Scott Klavan: Sabbath’s Theater

Sabbath’s Theater

adapted from the novel by Philip Roth

by Ariel Levy & John Turturro

The New Group

Off-Broadway review—October 21, 2023

By Scott Klavan


Mickey Sabbath is a dirty man in the stage adaptation of Philip Roth’s 1995 novel Sabbath’s Theater, getting a limited Off-Broadway run by the New Group at the Signature Theater on W. 42nd St. But life is dirty. As Roth saw it, as John Turturro and Ariel Roth wrote it for theater, and as Turturro plays Sabbath and fellow actors Elizabeth Marvel and Jason Kravits play multiple characters alongside him. It’s a life of masturbation and lying, selfishness, and cruelty, and unendingly attempted, unendingly thwarted searches for touch and connection. Roth was often upbraided by his critics for his sexualized books and stories, all the way back to Portnoy’s Complaint and The Breast to The Professor of Desire, up to Sabbath’s Theater, one of the last of his uproariously comedic foul-mouthed eroticized works; he aggravated feminists, and other self-righteous prudish censors, but managed to luckily die and escape being officially cancelled. On stage, Turturro and Levy have loyally and lovingly—if that’s the word, given how Sabbath himself fails at faithful love with his ex-wife, has his most meaningful relationship with mistress Drenka taken from him by her fatal untimely cancer, and how the death of his older brother in World War II crushed his mother and leaves Sabbath with unhealed scars of unrequited love—adapted and presented Roth’s sensibility whole.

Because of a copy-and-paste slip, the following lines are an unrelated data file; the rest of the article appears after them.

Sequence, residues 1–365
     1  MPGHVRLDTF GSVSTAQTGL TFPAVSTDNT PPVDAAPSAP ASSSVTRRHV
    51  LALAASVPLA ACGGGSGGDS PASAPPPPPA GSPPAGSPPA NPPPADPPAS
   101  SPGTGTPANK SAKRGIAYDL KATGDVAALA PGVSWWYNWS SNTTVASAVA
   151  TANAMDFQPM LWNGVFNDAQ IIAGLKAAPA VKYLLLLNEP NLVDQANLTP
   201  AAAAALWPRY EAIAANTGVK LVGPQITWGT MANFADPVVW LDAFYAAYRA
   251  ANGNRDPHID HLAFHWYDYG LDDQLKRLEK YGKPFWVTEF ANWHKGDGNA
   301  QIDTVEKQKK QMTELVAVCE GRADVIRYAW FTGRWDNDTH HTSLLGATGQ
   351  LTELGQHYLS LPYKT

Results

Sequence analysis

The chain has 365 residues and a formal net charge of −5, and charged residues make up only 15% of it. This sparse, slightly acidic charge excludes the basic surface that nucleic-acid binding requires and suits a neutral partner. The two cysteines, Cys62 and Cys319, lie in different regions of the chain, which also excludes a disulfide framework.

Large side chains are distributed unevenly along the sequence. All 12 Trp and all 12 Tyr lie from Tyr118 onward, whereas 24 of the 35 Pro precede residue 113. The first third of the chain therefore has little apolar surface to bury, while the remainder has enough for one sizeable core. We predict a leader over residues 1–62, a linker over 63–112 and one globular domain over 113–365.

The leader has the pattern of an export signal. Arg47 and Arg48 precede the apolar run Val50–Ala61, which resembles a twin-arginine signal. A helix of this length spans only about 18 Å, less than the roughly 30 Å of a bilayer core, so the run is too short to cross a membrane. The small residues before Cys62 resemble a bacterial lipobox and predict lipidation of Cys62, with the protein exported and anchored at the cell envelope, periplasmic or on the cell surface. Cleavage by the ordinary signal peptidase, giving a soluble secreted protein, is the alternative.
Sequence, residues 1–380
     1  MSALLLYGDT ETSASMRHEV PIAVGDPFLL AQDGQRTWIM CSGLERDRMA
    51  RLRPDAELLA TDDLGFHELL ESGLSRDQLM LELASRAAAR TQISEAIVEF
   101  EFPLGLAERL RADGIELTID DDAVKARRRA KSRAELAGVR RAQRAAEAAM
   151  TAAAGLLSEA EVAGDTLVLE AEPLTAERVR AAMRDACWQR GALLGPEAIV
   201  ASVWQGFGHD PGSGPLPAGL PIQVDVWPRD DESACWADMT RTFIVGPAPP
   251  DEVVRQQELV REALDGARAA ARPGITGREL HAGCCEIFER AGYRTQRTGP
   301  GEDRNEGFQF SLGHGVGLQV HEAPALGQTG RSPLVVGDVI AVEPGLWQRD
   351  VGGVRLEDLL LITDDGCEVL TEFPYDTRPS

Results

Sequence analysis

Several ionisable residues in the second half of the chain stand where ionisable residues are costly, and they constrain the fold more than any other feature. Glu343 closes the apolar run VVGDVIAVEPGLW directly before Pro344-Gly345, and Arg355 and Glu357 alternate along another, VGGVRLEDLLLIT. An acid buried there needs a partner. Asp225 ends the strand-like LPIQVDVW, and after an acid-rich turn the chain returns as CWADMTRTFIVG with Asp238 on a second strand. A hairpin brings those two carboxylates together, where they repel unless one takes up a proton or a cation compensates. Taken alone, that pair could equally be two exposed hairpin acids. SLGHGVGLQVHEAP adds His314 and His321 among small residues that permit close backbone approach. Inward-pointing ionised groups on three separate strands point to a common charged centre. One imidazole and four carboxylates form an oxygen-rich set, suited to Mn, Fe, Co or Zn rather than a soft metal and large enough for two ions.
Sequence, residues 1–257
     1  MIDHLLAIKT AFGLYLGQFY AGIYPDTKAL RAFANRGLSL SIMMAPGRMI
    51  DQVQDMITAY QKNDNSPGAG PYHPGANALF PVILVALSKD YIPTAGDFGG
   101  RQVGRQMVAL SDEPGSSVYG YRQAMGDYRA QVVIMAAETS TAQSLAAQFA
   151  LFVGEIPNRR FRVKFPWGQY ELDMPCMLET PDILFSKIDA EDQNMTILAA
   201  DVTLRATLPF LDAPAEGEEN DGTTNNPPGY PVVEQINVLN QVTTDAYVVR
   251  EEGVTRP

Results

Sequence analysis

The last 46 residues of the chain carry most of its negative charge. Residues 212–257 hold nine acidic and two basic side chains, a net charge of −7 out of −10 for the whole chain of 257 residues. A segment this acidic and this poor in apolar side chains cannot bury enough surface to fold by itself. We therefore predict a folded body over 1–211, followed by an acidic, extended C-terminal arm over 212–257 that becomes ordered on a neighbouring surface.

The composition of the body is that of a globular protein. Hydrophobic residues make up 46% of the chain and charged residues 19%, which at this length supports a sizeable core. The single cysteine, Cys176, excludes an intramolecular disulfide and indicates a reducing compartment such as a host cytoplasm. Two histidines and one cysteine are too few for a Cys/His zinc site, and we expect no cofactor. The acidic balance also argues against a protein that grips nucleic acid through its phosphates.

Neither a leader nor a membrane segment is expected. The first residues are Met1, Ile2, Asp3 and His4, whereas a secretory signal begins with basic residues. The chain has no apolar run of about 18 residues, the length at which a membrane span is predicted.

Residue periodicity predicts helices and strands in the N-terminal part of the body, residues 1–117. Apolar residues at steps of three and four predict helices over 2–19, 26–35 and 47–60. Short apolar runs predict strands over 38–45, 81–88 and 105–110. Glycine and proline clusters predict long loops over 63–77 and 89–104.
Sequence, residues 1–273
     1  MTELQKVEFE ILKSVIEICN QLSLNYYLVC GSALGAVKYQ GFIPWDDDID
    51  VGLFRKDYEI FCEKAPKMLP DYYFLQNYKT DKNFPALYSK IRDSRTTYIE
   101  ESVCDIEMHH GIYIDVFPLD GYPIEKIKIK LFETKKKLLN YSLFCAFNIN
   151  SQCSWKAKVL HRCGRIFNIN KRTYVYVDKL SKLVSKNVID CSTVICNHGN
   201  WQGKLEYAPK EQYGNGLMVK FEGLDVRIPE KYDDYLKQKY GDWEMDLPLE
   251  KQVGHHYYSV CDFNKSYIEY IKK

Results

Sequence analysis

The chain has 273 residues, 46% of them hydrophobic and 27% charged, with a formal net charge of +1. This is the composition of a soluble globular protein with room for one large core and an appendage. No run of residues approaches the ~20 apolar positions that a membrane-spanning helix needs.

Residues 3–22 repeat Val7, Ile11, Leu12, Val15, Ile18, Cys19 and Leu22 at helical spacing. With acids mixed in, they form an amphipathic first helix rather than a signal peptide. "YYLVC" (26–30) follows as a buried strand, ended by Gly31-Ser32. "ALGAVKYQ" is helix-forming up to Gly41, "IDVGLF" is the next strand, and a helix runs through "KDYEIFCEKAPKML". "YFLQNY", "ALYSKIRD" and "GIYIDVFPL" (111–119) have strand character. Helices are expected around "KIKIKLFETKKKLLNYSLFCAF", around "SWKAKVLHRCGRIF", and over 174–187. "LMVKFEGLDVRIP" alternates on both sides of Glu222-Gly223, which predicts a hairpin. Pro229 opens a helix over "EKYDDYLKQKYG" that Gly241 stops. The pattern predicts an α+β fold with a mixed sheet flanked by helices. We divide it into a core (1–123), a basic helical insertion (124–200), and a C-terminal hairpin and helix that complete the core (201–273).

Earthy no-account Sabbath, 64 in the show, wanders around the New York area, lamenting the arthritis that caused him to give up the puppet theater he runs, a low-flying operation that disappointed his mother, and just about everyone else he knows, lusts after and tries to make his friend Norman’s wife, and masturbates on Drenka’s grave. He is a helpless slave to his selfish desires, his yearning and needs, vocally expressing griefs and gripes; a kind of reverse mensch.  But he dotes on then pines for the late Drenka and his heart still broken missing his brother, plans his own death. He’s a human being.